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COVID-19: More Girls Face FGM, Child Marriage Practices

Women rights campaigners in Nigeria have raised concerns on the increasing practices of Female Genital Mutilation (FGM) practice and child marriage in the country.

Dr Lekan Awolola, a Consultant Gynaecologist whose material was shared at a recent webinar on COVID-19, child marriage and female genital mutilation described genital mutilation as a harmful practice.

The dialogue was organised Education as a Vaccine (EVA) with support from the United Nations Population Fund.

“There were increased reports of gender-based violence with women & girls are at a higher risk of being abused Girls are more likely to undergo female genital mutilation during this period,” Awolola said.

He noted that interventions targeted at curbing this harmful traditional practice have been stalled and reduced to only online engagements.

“This translates to more girls undergoing this harmful procedure,” the  Gynaecologist said.

The Female Genital Mutilation causes complications such as recurrent urinary tract infections, cysts formation and infections, HIV/AIDS, Hepatitis B virus, tetanus, death from profuse bleeding and infections.

Awolola added that FGM also causes prolonged/obstructed labour, perineal tear during labour and prolonged hospitalization after delivery.

Sarbyen Sheni, the Program Officer, Advocacy and Policy-Influencing unit at Education as a Vaccine (EVA), an NGO said female genital mutilation is a violation of the right of the girlchild.

This form of gender-based violence is reinforced by a patriarchal society where women and girls cannot exercise rights over their bodies, Sheni told HumAngle in an interview.

On efforts to eradicate the practice, Sarbyen said a lot of sensitisation is going on by organisations like EVA, UNFPA, STOPthecut, value female network among others.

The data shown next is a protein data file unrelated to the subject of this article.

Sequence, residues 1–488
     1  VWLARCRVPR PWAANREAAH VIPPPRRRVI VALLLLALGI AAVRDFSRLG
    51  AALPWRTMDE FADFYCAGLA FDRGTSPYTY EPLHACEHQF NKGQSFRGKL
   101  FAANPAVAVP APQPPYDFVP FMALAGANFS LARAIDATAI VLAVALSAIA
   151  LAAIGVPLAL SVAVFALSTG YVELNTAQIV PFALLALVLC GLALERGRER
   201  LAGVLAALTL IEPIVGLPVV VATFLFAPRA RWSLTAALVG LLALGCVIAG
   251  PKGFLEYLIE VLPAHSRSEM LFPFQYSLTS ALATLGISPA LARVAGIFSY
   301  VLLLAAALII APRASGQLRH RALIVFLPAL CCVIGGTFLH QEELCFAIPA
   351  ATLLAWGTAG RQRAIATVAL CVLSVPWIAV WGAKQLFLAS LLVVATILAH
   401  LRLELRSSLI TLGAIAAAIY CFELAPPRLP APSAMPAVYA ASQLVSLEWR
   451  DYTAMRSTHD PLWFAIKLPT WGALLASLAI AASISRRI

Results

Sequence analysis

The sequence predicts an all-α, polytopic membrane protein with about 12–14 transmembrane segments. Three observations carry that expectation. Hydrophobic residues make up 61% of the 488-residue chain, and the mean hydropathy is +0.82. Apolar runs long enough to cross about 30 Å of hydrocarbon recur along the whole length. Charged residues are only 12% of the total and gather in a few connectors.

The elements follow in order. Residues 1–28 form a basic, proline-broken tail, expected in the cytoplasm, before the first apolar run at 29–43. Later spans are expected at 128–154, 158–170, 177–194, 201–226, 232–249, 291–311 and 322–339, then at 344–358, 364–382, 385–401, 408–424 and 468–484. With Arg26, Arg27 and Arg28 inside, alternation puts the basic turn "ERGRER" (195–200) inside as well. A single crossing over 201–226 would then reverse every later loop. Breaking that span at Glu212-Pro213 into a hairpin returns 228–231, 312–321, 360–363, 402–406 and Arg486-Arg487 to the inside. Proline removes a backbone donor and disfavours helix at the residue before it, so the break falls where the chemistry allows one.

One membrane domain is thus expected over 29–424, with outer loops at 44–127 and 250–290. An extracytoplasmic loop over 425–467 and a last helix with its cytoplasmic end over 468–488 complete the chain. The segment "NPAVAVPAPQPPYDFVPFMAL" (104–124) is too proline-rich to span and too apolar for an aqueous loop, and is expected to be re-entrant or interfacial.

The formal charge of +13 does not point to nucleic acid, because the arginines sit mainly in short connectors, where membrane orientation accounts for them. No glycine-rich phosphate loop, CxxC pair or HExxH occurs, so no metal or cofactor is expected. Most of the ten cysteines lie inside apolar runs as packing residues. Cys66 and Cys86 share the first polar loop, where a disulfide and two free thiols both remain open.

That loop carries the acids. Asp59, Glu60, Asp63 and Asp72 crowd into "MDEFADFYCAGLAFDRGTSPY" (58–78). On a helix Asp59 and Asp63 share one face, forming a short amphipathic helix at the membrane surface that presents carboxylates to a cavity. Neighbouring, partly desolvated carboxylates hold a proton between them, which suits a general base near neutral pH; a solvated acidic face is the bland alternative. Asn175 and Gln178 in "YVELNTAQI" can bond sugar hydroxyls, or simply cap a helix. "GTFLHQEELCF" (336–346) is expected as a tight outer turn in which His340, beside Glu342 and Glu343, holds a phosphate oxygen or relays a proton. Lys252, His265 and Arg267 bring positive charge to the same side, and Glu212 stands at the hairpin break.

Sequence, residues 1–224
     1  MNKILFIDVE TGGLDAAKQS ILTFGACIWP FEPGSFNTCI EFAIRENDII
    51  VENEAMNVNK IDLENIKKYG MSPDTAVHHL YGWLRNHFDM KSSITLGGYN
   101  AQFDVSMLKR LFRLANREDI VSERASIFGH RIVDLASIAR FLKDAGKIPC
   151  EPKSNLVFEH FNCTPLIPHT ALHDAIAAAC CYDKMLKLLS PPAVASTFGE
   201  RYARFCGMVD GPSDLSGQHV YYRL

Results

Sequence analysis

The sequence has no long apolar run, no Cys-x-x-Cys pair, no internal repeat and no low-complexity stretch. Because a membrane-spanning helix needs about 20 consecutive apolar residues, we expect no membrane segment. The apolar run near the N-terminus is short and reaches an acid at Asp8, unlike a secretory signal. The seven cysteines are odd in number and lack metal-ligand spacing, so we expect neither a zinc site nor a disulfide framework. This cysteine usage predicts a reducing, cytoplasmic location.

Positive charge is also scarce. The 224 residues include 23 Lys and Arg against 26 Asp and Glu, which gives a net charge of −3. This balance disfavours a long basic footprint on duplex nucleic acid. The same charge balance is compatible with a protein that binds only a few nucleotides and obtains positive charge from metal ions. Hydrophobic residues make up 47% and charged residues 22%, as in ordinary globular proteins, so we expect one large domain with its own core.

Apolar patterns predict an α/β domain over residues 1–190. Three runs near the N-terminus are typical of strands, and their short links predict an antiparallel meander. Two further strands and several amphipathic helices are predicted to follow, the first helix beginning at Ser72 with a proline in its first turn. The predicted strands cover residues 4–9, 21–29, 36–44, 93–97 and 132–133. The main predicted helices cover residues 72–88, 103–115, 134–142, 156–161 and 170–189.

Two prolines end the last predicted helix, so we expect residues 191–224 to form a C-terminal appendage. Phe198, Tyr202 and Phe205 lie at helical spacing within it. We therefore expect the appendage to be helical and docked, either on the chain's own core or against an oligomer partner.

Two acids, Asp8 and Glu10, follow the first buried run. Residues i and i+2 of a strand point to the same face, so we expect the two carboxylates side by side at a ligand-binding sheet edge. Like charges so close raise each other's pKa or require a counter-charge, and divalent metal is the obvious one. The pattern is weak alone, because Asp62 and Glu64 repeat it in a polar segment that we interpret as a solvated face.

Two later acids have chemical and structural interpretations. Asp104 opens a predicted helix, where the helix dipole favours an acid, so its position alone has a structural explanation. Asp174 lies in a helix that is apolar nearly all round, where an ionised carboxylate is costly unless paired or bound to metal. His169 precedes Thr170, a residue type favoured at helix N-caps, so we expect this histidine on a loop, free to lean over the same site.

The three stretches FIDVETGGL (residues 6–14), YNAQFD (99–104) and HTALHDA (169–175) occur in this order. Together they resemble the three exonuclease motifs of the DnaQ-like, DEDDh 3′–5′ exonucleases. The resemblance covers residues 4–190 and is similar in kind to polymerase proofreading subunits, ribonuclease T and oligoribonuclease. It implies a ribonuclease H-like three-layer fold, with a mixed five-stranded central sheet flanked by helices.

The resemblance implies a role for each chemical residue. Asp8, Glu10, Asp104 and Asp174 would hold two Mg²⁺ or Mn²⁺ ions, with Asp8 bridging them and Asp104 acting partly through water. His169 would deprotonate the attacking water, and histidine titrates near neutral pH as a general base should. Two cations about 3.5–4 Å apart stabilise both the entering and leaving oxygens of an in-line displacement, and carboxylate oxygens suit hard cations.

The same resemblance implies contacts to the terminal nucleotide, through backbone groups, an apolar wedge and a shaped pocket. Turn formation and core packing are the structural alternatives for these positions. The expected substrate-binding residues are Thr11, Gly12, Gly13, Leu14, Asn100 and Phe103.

“ But more work needs to be done at the grassroots,” she said.

“Engage community leaders (religious leaders, women leaders, youth leaders)in dialogue over FGM. They are gatekeepers and many people in communities regard their opinions highly.”

She recommended the use of traditional media, radio, local television stations to host programs about FGM, enlightening the public about the ills and the need to end FGM in Nigeria.

“Also, the domestication and implementation of the violence against person prohibition act and the child rights act in all 36 states of the federation.”

The National Violence Against Persons Prohibition (VAPP) law bans the practice of FGM making it a federal offence and provides for proportionate penalties.

The VAPP Act applies within the Federal Capital Territory (FCT), Abuja. However, it still needs to be passed in each of the 36 states of the federation. While some states have passed the VAPP Act, others have not.

On November 25, 2019, a group of gender rights activists under the North Normal banner held rallies across Northern Nigeria, calling for the domestication of the VAPP Act.

In Nigeria, the prevalence of FGM in women aged 15–49 is 24.8 per cent, according to a study.  Twenty million women and girls in Nigeria have undergone FGM, the study reveals. This represents 10 per cent of the global total.

“The highest prevalence is in South East and South West Zones.82% of women aged 15–49 who have undergone FGM were cut before the age of five”

The World Health Organization (WHO) describes FGM as all procedures which involve partial or total removal of the external female genitalia and/or injury to the female genital organs, whether for cultural or any other non-therapeutic reasons.

The process is recognized as a violation of human rights and constitutes an extreme form of discrimination against women.

Participants at the webinar agreed that COVID- 19 pandemic has also disrupted intervention projects and stalled access to reproductive health services.

 Nigeria is reported to have the 11th highest prevalence of child marriage in the world, and the third-highest absolute number of women married or in a union before the age of 18 in the world. 

EVA says the closure of schools due to the COVID-19 pandemic has increased the risk of child marriage.

“There is also the possibility that many girls will not return to school post-covid due to financial difficulties,” the organisation said.

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Murtala Abdullahi

Abdullahi Murtala is a researcher and reporter. His expertise is in conflict reporting, climate and environmental justice, and charting the security trends in Nigeria and the Lake Chad region. He founded the Goro Initiative and contributes to dialogues, publications and think-tanks that report on climate change and human security. He tweets via @murtalaibin

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